Within the educational sector there is a division between some private schools or academies that retain the practice of teaching traditional technical skills, as you suggest museums were first intended to facilitate and support, whilst conversely public, government supported universities have often adjusted their curriculum and syllabus to the point that there is no technical tuition of craft skill at all, traditional or otherwise.


Many of these latter institutions perceive themselves to be more progressive than those still retaining craft tuition, in that they feel or proclaim to feel, that a broad departure from historical values is a positive, evolutionary thing; enabling them to separate themselves or their image and reputation from historic prejudices and atrocities, and as such appeal to political sympathies as a novel unbiased environment without sin.


Whilst the private ateliers are often excellent places for the pursuit of a refined technical training, which might be in glass blowing, silversmithing, oil painting, stone carving, cabinet making etc, the arrangement as it stands limits the opportunity of students from less affluent families who wish to develop a technical grounding, as they cannot afford the private tuition.


Meanwhile, the same applicants are accepted into the public education system, accruing considerable debt over time, and not equipped with even the basic tools of design craft, but told that they must experiment and explore. Then when they are critiqued they are taught to take offence and assume that the basis of the critique is politico-ideological rather than technical, as the basis of their work is ideology, so they make no technical progress.


At the more extreme academies of the traditional kind, experimentation and exploration are discouraged, as it is feared that deviation from technical refinement will be retrogressive. So, we are left with a polarised system in which, at the outer limits one can choose from either experimentation without technique or technique without experimentation. One private and one public.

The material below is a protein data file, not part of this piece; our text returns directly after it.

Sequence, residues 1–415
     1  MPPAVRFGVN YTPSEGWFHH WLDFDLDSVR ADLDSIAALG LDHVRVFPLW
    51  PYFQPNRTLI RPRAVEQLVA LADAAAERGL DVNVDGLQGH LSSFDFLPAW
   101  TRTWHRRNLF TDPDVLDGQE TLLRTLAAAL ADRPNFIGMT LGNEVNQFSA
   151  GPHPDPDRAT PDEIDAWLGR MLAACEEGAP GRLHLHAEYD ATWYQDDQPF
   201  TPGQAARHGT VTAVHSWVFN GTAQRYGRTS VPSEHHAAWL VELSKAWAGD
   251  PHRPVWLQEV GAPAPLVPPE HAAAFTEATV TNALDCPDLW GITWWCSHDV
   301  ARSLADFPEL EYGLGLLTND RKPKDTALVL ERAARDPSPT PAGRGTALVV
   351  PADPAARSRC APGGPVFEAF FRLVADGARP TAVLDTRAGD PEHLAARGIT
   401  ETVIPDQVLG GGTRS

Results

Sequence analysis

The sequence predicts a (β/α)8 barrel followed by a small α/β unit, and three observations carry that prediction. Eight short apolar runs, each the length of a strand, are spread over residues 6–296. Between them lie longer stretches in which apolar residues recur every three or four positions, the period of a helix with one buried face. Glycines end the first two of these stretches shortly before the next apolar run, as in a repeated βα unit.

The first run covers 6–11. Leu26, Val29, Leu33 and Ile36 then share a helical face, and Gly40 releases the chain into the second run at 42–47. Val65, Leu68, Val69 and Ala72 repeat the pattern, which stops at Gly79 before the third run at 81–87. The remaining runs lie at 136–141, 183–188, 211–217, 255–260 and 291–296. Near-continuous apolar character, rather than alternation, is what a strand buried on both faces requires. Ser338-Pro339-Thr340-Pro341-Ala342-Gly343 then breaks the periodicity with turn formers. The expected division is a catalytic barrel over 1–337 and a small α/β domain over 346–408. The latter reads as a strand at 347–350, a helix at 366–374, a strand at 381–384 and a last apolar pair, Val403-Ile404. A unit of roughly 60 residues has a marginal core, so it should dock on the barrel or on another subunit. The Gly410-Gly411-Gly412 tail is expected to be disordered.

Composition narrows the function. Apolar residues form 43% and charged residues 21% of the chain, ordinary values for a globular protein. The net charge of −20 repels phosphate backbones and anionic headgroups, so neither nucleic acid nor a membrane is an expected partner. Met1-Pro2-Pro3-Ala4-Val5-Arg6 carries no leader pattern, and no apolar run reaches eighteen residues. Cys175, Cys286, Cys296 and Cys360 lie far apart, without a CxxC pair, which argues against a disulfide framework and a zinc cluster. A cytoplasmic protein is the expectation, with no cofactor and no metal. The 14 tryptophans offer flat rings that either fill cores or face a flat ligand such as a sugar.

The main mistake as I presently perceive it is that technical values are conflated with ideological values, so for example a preference for white Carrara marble sculpture might be equated with white supremacy and the subordination of darker skinned peoples. In reality, whilst racial prejudice of this kind was certainly prevalent historically when appreciation and production of marble statuary was at its zenith, the present circumstance prevents the majority of less affluent blacks from studying stone carving, as its association with historic prejudice has resulted in it being removed from curricula, only to be taught in private studios that are less affordable. As such, the pretence of supporting social mobility for less affluent blacks does exactly the opposite of what it proclaims to; failing to equip poor students with tools that continue to remain available to wealthy students.


Moreover, the ideological framework of the public institution that presents itself as equitable, unbiased and fair, uses as its fundamental basis an oppositional stance rather than an affirmative one, in that it is built against the traditional system of values, rather than, say, alongside it. As such, promotion of historical or traditional work or critique according to traditional values is seen as aggressive, in that it is perceived to impinge upon the territory that is sought by the apparently progressive institution, where the foundational principle is the devaluation of said values. This ensures that any effort to bring tradition into line with experimentation is negated, as it is feared that the power held by either extreme will be lost, rather than enhanced.

Concurrently, the division enables power to flow in two directions; towards technique which presents itself as an ideology, or towards ideology which presents itself as technique. Whilst the power that this affords to the figureheads at the pinnacle of each institution is considerable, the separation prevents Art from reaching its highest potential, in that the maximum pool of resources are not utilised.

Furthermore, the principle of divide and conquer applies, in that, although it is unclear what force has caused this rift, it has prevented Art from becoming as energised and vivacious as it must have been when, in a smaller, more enclosed system such as Renaissance Italy, the total field of knowledge was drawn upon, and creative figures worked up to and beyond the limits of their technical and ideological understanding, creating excellence not solely on the basis of values, but on the excelling of values.

Whilst it may be argued that this process must be like breathing, and that, after a consolidated period of contraction and effort, the creative industries must expand and come to accommodate more before the next surge of creative growth, that period cannot and shall not come until either a unity is found between the divided schools, or they learn to stand independently from one another as separate and unrelated disciplines.